Robin HoodIt’s a cold and rainy Saturday. My fiancée and I are cuddled up in bed watching Ridley Scott’s Robin Hood, and this time around I find that I am thoroughly enjoying it.

Why I hated it the first time is not entirely clear to me. It may have simply been the lack of good company. Or perhaps it was that initially I was focused too closely on the typically lifeless acting of Mr. Crowe, and less on the other characters or Ridley Scott’s creative take on the Robin Hood story.

Either way, I’m certain that I enjoyed it more because I was watching it through the lens of a blog article I’d recently read: George Donnely’s Are Minarchists Worse than Socialists?

*SPOILER ALERT* Do not read further if you haven’t watched the movie yet.

What struck me this time was how Thomas Longstride, a radical who died for his notion of political equality, was both supported and betrayed by those who lauded his ideals. It would be a stretch to claim he was an anarchist. But his recognition that a king needed his subjects as much as the subjects needed their king was a step in the right direction.

The Barons and Longstride’s son, Robin, on the other hand, are clearly minarchists. They want to reduce the power of the Crown, not eliminate it. Near the end of the film, Robin explains to King John that all men are entitled to certain things. He’s quite verbose at this point, but what they amount to are life, liberty and the pursuit of happiness. What they do not do is demand an end to the Crown. Instead, they make the same mistake all minarchists do—they demand that Power limit itself. Robin declares to the King that they want “Liberty by law!” Ridley Scott no doubt envisioned this to be a crowning moment of the film, but for me, this was its near ruin.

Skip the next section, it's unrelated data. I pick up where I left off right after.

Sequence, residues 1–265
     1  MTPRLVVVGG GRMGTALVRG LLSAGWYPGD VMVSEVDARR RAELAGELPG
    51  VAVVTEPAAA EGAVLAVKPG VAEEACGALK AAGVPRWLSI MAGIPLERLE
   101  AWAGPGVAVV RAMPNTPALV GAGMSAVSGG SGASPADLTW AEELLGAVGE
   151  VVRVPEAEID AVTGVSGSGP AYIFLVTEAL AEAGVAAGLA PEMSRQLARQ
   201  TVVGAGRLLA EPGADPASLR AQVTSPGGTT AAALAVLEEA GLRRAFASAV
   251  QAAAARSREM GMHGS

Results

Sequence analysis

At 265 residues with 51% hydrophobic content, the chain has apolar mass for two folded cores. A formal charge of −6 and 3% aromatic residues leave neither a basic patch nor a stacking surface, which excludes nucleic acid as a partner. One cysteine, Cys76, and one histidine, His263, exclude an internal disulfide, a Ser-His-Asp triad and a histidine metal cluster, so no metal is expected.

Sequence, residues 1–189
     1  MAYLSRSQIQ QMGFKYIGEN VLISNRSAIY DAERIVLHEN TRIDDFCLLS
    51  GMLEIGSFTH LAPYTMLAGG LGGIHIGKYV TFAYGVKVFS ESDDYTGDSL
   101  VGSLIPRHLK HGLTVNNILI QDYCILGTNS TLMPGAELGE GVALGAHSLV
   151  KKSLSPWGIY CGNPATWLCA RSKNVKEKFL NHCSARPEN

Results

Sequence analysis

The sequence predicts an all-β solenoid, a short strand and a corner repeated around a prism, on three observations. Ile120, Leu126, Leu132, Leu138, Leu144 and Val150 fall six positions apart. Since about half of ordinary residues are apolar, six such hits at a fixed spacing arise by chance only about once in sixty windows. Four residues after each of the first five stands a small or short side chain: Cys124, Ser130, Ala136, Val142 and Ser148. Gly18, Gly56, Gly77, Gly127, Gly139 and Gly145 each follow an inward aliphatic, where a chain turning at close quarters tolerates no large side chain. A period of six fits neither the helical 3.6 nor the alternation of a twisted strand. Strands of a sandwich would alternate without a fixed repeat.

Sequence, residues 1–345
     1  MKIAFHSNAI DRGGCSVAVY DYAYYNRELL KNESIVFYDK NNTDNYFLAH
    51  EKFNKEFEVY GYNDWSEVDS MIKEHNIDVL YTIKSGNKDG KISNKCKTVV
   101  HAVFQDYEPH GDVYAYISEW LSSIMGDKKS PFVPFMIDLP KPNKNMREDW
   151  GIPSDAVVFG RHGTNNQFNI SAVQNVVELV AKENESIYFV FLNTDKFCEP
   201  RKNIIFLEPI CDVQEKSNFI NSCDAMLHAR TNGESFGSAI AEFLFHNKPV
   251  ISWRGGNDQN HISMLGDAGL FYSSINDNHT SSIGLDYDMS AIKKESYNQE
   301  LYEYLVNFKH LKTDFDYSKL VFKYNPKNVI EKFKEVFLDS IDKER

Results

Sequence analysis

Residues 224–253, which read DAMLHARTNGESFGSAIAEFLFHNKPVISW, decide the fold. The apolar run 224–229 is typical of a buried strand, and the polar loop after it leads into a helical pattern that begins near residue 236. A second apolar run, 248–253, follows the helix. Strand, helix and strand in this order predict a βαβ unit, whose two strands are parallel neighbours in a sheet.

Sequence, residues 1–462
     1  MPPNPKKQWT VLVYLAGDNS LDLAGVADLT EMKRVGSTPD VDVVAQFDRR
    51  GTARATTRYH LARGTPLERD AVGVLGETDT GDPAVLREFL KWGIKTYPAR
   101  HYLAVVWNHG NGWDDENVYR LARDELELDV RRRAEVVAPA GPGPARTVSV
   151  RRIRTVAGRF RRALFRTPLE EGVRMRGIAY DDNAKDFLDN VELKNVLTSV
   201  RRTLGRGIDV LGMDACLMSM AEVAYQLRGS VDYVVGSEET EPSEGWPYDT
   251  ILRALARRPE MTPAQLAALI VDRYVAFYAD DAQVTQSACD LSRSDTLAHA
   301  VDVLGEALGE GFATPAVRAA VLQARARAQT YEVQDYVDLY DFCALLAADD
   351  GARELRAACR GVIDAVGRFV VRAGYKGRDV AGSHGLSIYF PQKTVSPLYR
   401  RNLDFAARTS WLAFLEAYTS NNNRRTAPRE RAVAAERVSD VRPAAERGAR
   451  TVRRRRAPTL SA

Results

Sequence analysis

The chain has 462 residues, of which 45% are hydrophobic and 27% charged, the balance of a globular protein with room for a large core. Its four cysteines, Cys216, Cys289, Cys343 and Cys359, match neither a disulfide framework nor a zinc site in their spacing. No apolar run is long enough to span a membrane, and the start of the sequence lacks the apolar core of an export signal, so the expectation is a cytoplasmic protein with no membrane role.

What transpires at the end of the film would never have happened had the Barons not kept Thomas Longstride’s dream alive. There would have been no confrontation with the King with demands for “liberty”. His notions would simply have been forgotten. However, the Baron’s failure to live up to that dream’s potential with consistency, or even comprehend the logical contradiction of their minarchist position, is what led to their little revolution’s abrupt end. The minarchists both saved and sabotaged the struggle for liberty.

Of course, there is still hope, for this is where Robin Longstride becomes the infamous Robin Hood—living off the grid, so to speak, and causing havoc for King John’s tax-men. All in all, a decent film and a good lesson about the disastrous consequences of compromising one’s moral ideals.